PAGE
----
Scope Stanford: New algorithm could accelerate diagnosis of genetic diseases using clinical records. “In a continued effort to speed up the diagnostic process of severe genetic diseases, Stanford’s Gill Bejerano, PhD, and his colleagues have developed a new algorithm that can quickly locate important disease-related information within a patient’s medical record.”
Slashgear: Hospitals, insurance companies leak more health data than hackers. “Hospitals, insurance firms, physician offices, and similar companies leak more personal health data than hackers, a new study has revealed. According to researchers with two major US universities, more than half of personal health data breaches resulted from problems with the medical providers themselves rather than an external force, such as hackers.”
The Register: Hey, you know what a popular medical record system doesn’t need? 23 security vulnerabilities. “Fresh light has been shed on a batch of security vulnerabilities discovered in the widely used OpenEMR medical records storage system. A team of researchers at Project Insecurity discovered and reported the flaws, which were patched last month by the OpenEMR developers in version 188.8.131.52. With the fixes now having been out for several weeks, the infosec crew on Tuesday publicly emitted full details of the critical security bugs, with a disclosure [PDF] so long it has its own table of contents.”
ZDNet: Canberra still in denial over My Health Record concerns. “Denial, anger, bargaining, depression, acceptance. The Australian government’s response to the grief it’s getting over the controversial My Health Record is now up to stage three. Provided you call a PR barrage ‘bargaining’. Which is isn’t. No, they’re still just getting angry.”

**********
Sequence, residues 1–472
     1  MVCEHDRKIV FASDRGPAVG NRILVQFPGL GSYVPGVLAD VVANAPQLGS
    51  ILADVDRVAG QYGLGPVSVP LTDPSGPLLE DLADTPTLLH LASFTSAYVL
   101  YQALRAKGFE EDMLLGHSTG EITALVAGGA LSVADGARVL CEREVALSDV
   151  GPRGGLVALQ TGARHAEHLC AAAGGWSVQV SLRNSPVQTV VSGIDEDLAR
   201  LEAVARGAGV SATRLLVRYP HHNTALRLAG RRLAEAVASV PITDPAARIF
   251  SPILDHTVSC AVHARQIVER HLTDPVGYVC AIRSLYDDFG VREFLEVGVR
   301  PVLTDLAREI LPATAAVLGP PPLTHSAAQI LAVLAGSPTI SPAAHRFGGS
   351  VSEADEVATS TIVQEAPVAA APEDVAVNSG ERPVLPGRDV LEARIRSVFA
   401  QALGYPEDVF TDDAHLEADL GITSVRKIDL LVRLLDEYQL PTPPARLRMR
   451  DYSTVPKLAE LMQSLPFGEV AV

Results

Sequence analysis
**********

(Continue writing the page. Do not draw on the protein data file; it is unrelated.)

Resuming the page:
CNET: One in four Singapore residents hit in medical data theft. “Hackers stole the personal data of 1.5 million people in Singapore by breaking into a government health database, officials said Friday. The data, taken between June 27 and July 4, included names and addresses of those who had visited health clinics since May 2015, but not full medical records. However, details about medications were stolen from about 160,000 people, according to a government statement.”
Times of Israel: Despite privacy concerns, Israel to put nation’s medical database online. “The Israeli government on Sunday approved a National Digital Health plan, which, despite mounting privacy concerns, plans to create a digital database of the medical files of some 9 million residents and make them available to researchers and enterprises.” After reading about so much misuse of personal information and data leaks, I’m honestly shocked Israel is going to do this.
University of Arkansas for Medical Sciences: UAMS receives $8.3 million grant to expand digital archive for cancer research. “The University of Arkansas for Medical Sciences (UAMS) will use an $8.3 million grant to expand and enhance an archive of freely accessible cancer medical images and data. On Tuesday (Oct. 31), UAMS announced it received the grant from the National Cancer Institute (NCI). The Cancer Imaging Archive (TCIA) is a free online service with a large collection of cancer-related medical images the public can download. All patient identifying information has been removed from the images, and data from the archive has been used for nearly 500 academic papers.”